Homeless woman proves that the government owes her $100,000
Wanda Witter didn't always live on the streets. After the now 80-year-old lost her job as a machinist, she lived with her daughter and trained as a paralegal. In 1999, when she was finished, she moved to Washington, DC to seek out a new position.
But the job market proved difficult for a senior citizen and with only small, temporary assignments, she couldn't pay her rent. She ended up becoming one of the numerous homeless in the capital, sleeping in a sleeping bag on the sidewalk and now and then taking refuge in a shelter. Because she had worked her entire life and paid into Social Security, in the midst of her plight, she began to try and collect her benefits. As of 2006, she started receiving Social Security checks, but quickly noticed that something wasn't correct. The monthly amounts varied greatly, fluctuating between $300 and $900.
She asked about the discrepancy, but no-one took the trouble to look into it. Wanda knew that no-one would believe her once she had cashed the checks, so she returned every one of them to the agency.
Wanda hadn't given her family an address in Washington. When her very worried daughter eventually found her there, she tried to persuade her to leave the streets and to move back in with her. Wanda refused. She was going nowhere until the government gave her what she was due.
She began to organize her correspondence with the agency into binders. Over the course of time, the binders filled three suitcases that Wanda dragged with her everywhere she went. No-one believed her story; everyone thought she was suffering from dementia. “They kept thinking I was crazy, telling me to get rid of the suitcases,” she said.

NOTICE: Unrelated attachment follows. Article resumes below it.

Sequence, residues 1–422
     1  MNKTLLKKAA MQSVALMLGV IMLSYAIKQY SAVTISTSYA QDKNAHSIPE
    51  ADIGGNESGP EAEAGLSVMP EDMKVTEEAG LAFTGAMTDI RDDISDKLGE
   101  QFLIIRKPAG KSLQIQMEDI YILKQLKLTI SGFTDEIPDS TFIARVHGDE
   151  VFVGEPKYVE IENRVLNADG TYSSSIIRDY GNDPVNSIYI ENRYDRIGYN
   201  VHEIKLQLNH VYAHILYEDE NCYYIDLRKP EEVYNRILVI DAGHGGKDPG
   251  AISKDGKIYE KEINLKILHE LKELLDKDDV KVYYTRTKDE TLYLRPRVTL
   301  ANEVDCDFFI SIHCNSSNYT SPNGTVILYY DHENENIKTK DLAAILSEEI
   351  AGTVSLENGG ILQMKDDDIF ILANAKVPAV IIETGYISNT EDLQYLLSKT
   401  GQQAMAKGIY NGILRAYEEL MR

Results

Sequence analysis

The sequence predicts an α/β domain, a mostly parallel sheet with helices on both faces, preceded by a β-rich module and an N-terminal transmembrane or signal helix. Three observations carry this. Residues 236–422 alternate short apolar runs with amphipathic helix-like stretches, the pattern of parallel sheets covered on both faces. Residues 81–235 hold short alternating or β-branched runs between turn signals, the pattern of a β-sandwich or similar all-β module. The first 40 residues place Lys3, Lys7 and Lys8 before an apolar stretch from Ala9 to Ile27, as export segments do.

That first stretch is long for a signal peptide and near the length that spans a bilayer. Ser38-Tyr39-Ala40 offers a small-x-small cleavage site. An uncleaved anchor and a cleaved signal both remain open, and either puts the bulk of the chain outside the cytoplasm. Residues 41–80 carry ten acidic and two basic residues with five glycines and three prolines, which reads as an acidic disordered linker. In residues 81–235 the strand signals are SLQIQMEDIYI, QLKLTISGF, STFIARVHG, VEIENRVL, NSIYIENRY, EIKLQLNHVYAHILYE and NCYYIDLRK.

Sixteen long years after first becoming homeless, Wanda was still living on the streets. One day at the shelter, she met a social worker named Julie Turner. Julie cast a look at Wanda's documents—at first simply to do the old lady a favor. But when she began to read the paperwork, she was dumbfounded.
"She had all the paperwork there, neatly organized, in order. She was right all along. They did owe her all that money," Julie said.
She found Wanda an attorney and they filed an official complaint. On August 23, Wanda learned that a payment of $99,999—the largest sum allowed by Social Security—had been made into her bank account. Presumably, there will be more where that came from.
She rented a studio apartment on Capitol Hill and after a whole decade, she has a roof over her head again. She hasn't dared to buy more than an air mattress and a pillow. She still can't get her head around the fact that she actually got her money.
Without the interest in her case shown by a conscientious social worker, it might never have come to light that this tenacious old woman—dismissed as crazy—was right all along.
Good on Wanda for not giving up on her claim and special praise is due to Julie Turner for her role in bringing about Wanda's happy ending. Here's to hoping they'll soon be enjoying a champagne toast together in Wanda's new digs!